UWB wireless technology lifts the barrier

Cambridge Consultants has demonstrated a wireless tagging technology based on ‘ultra-wide band’ communications that has the potential to give commuters an invisible license to travel.

It could be used to eliminate barriers in railway systems and allow revenue-checking staff to target only ticket-less passengers.

Unlike today’s proximity smartcard tickets that need to touch or pass within a few centimetres of a reader, Cambridge Consultants’ ultra-wide band (UWB) technology has a range of 25 metres and can be sensed easily within a pocket or bag, eliminating queue-forming bottlenecks at railway entries or exits.

The technology additionally supports two-way communications and embedded intelligence. This provides the basis to design tags capable of implementing functions such as links to location-based services such as taxis, and sophisticated ticketing mechanisms such as support for multi-modal/multi-operator travel, and variable charging from an e-purse.

Despite offering this capability, a UWB tag can currently be implemented on a small module similar in size to a credit card, and has the potential to be integrated further – to a single low-cost chip and simple antenna. The highly efficient communications system that underpins UWB means that power consumption is minimal – even for advanced schemes involving two-way communications -necessitating only a tiny button cell.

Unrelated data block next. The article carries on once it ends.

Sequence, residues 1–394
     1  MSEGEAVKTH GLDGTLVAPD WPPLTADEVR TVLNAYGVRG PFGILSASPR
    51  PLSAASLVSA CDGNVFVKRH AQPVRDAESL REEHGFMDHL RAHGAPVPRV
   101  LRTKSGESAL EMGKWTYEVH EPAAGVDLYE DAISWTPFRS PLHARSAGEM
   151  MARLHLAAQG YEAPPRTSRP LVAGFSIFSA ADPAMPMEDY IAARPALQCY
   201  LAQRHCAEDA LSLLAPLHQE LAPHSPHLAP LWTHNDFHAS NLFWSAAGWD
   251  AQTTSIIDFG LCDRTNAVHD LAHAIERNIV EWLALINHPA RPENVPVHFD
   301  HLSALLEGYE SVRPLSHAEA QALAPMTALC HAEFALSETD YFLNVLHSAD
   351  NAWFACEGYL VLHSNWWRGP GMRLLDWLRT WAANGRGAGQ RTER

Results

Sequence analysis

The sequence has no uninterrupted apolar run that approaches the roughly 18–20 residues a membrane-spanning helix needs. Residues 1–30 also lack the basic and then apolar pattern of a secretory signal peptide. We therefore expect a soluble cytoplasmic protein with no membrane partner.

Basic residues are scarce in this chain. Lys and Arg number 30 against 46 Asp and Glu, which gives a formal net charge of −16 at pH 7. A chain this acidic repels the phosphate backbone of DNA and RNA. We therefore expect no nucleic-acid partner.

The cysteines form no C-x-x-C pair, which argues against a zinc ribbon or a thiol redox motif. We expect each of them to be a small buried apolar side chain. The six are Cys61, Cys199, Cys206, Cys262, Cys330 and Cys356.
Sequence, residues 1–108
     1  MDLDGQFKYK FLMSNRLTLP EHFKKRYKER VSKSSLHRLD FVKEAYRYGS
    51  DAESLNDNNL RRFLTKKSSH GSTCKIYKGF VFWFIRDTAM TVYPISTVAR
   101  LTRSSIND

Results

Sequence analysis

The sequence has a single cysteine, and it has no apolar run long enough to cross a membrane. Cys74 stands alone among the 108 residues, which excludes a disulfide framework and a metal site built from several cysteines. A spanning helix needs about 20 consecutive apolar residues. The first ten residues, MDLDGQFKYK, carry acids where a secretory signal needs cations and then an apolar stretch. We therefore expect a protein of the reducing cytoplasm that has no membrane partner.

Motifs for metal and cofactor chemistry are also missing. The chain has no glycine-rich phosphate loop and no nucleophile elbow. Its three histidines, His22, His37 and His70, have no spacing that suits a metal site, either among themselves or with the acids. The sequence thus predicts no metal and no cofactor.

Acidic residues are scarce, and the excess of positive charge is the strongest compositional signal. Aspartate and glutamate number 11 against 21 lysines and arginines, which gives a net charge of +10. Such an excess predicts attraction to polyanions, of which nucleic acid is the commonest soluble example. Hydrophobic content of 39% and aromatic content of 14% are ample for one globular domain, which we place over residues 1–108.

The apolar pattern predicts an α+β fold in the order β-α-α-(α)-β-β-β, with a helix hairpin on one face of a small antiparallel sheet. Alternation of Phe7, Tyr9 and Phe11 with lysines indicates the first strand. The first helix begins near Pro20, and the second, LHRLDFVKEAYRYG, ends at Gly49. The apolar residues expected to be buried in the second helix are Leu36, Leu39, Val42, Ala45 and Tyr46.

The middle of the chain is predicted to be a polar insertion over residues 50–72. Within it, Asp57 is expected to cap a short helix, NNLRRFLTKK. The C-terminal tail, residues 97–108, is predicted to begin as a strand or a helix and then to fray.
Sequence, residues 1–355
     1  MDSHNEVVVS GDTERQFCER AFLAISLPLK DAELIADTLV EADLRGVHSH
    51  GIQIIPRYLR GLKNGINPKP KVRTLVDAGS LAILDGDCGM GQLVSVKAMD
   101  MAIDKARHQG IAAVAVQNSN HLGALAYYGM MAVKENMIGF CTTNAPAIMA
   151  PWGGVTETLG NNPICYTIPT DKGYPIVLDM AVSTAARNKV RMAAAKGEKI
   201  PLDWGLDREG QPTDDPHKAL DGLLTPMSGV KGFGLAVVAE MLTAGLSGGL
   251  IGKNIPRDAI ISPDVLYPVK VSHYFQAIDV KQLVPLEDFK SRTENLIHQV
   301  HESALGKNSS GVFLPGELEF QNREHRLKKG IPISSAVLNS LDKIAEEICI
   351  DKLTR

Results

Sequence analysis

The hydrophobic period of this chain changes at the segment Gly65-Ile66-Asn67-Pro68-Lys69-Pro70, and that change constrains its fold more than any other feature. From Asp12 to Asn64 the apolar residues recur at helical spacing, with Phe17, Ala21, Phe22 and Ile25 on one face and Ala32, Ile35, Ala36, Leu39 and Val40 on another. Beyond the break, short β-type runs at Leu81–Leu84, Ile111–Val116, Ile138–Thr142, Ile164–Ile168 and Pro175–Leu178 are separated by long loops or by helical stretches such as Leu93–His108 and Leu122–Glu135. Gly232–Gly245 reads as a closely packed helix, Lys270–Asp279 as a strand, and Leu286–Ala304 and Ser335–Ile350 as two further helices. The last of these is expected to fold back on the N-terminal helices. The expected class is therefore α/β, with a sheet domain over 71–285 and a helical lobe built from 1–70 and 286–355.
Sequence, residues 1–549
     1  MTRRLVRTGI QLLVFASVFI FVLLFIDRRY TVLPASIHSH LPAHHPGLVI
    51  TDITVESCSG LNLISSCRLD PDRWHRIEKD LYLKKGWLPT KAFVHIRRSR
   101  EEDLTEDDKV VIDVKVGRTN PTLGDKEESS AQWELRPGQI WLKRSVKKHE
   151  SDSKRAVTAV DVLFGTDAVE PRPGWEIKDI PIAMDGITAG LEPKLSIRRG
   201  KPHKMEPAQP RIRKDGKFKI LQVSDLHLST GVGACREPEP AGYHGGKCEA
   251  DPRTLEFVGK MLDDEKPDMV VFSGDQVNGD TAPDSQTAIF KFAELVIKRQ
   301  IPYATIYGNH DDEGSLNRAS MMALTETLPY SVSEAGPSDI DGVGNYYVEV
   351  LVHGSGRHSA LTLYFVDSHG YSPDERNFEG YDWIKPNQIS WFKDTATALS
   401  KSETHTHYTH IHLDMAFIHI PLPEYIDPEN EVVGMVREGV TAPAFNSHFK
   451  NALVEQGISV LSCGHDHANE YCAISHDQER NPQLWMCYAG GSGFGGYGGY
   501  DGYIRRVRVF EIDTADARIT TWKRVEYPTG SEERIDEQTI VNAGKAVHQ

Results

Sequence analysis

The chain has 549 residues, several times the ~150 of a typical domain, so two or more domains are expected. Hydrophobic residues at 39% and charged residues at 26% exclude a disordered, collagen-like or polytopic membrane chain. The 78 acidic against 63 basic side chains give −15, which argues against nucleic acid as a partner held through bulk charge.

Consequently, Cambridge Consultants anticipates that the price of UWB-based paperless tickets could be as low as 2 Euros for national-scale schemes – so they could be used for multi-journey and season-ticket passes. Combined with a tag’s reprogrammability, such a system could also provide travellers with a flexible token that could be charged with value or tickets to handle low-cost fares.

The reader for such a UWB tagging system comes in the form of a basestation, similar to that for a cordless phone, which could easily be carried by an inspector.

The precision location sensing capability of the system comes from the use of two basestations fitted with very low power UWB radar capability. With this capability, two basestations can sense the location of tags – or even people without tags – in a 3D zone covering an area of 25 x 25 metres.

This is enough to cover a train carriage for instance – providing the basis for intelligent paperless ticketing that allows inspectors to focus their time purely on ticketless passengers. Equally, basestations could be set up to precisely monitor a platform area. The components required for these short-range transceivers/location sensors are also simple, and could cost between 200 and 400 Euros depending on the features implemented.